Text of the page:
To bring the concept of psychological safety to life, let‘s look at a few real-world examples of companies that have successfully cultivated it on their teams.

Pixar Animation Studios

Pixar, the renowned animation studio behind classics like Toy Story and The Incredibles, has long been recognized for its culture of creativity and collaboration. One of the key drivers of Pixar‘s success is its commitment to psychological safety.

As Ed Catmull, Pixar‘s co-founder and former president, explained in his book Creativity, Inc.:

Candor could not occur without safety, and even the most successful filmmakers were sometimes wary of being honest because of how it might affect their movie and their status within the company. But we had to demand candor of them, or we would have wound up with mediocre movies. To get candor, you have to build safety.

Pixar fosters psychological safety through practices like the "Braintrust" – a regular meeting where filmmakers share their works-in-progress and receive candid feedback from their peers. The Braintrust is not about hierarchy or power dynamics, but about creating a safe space for constructive critique and collaborative problem-solving.

Etsy

Etsy, the online marketplace for handmade and vintage goods, has also made psychological safety a cornerstone of its culture. As former Etsy CTO John Allspaw explained in an interview with First Round Review:

One of the things that impedes learning (and therefore progress) is fear. Fear of failure, fear of consequences, fear of looking stupid in front of others. These cultural anti-patterns run very deep and are quite pervasive. They prevent us from doing our best work. They prevent us from being our best selves. And they can make our organizations miserable places to work.

To combat these cultural anti-patterns, Etsy has implemented practices like blameless postmortems, where teams come together after a failure or incident to discuss what happened in a non-judgmental way and identify opportunities for improvement. By framing failures as learning opportunities rather than occasions for finger-pointing, Etsy creates a culture where people feel safe to take risks and admit mistakes.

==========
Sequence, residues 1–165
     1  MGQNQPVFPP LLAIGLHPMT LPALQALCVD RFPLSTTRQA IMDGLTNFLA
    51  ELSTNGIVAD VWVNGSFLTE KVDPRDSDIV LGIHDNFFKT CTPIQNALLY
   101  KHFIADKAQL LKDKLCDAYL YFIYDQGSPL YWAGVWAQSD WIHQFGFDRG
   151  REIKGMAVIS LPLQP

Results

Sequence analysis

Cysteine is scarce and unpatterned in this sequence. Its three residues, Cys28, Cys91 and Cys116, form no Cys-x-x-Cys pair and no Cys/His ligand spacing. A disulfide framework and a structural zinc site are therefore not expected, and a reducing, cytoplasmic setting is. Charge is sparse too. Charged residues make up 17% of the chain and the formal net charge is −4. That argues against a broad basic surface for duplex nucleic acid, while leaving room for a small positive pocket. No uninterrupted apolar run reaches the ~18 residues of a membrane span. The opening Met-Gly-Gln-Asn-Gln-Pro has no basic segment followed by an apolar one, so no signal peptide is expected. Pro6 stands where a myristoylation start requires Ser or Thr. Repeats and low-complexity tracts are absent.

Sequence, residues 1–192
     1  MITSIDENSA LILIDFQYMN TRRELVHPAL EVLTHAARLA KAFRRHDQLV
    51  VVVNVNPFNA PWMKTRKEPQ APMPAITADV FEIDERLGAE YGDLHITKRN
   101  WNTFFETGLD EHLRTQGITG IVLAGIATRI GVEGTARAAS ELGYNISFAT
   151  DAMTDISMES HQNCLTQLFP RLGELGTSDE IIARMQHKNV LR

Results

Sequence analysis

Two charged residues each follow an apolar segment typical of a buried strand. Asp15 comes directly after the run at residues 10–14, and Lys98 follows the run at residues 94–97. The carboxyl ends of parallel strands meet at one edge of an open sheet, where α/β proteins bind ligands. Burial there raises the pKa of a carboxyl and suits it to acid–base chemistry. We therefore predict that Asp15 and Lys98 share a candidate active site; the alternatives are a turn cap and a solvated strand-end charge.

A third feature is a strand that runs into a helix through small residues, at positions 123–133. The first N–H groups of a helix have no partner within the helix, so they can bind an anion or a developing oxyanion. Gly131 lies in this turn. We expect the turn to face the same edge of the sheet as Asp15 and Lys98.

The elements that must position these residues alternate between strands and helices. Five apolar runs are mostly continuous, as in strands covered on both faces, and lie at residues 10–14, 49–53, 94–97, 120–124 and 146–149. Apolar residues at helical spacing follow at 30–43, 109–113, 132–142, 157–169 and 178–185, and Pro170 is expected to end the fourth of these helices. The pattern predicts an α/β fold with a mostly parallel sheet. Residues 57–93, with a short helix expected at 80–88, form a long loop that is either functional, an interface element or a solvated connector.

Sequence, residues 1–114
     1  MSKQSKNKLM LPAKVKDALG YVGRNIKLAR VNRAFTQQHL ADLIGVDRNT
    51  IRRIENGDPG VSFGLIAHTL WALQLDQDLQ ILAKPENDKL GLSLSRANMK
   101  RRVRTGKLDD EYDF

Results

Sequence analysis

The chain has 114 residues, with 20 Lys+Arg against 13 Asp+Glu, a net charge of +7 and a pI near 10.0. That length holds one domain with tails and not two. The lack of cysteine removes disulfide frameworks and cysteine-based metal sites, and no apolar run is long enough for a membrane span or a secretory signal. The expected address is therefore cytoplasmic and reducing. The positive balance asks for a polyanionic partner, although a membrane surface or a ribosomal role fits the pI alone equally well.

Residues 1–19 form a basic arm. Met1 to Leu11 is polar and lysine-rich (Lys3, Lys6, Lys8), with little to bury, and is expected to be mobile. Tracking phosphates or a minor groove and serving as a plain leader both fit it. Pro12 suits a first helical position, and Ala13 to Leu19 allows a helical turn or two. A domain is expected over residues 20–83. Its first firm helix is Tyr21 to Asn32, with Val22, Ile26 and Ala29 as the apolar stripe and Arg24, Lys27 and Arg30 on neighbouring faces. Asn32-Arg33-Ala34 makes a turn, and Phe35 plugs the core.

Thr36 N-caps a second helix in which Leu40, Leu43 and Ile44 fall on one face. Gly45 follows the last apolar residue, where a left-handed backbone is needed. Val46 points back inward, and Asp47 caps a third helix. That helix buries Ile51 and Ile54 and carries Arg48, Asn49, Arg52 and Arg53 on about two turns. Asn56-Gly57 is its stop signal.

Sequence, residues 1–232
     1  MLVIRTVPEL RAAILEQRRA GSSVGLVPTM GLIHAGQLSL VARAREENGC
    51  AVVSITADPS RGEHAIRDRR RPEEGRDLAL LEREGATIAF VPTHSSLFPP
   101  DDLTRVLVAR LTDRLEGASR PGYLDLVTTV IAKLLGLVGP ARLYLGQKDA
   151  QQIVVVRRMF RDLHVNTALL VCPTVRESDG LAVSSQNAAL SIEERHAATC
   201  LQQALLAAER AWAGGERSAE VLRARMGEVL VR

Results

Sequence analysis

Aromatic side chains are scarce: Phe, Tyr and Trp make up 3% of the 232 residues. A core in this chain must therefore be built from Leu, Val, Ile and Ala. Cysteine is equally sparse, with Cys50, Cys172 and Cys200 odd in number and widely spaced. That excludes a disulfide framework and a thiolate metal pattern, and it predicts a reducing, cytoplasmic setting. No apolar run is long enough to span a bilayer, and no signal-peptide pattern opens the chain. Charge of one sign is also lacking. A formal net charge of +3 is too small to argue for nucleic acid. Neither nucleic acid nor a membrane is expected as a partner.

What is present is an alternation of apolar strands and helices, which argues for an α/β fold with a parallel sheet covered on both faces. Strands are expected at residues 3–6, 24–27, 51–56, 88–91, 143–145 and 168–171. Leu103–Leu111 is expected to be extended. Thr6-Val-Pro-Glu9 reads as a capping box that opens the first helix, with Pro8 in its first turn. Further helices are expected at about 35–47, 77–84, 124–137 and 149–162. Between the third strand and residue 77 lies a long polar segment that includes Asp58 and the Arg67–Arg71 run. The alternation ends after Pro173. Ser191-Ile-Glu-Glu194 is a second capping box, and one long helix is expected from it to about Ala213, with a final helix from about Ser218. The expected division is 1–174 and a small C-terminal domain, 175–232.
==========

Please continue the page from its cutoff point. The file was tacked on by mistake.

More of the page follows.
Google

Of course, no discussion of psychological safety would be complete without mentioning Google, the company that put the concept on the map with Project Aristotle. Since those initial findings, Google has doubled down on its commitment to psychological safety and made it a core part of its management training and team development efforts.

One way Google fosters psychological safety is through its "gTeams" program, which brings together employees from different parts of the company to work on innovative projects outside their normal responsibilities. gTeams are designed to be safe spaces for experimentation and risk-taking, with an emphasis on learning and growth rather than performance and metrics.

As Rozovsky explained in a Harvard Business Review article:

By putting people from different functions on the same team, the gTeams experience replicates the experience of working with people from diverse backgrounds, with diverse skills and expectations. People learn to communicate with teammates who have vastly different knowledge, who solve problems in different ways, and who are focused on different goals. They learn to trust each other because they know that everyone brings distinct and valuable information to the table.

These examples show that psychological safety is not just a theoretical concept, but a powerful tool for driving innovation, collaboration, and performance in real-world teams and organizations.

Building Psychological Safety: Actionable Strategies for Leaders

So, how can leaders foster psychological safety on their own teams? Here are some research-backed strategies to try: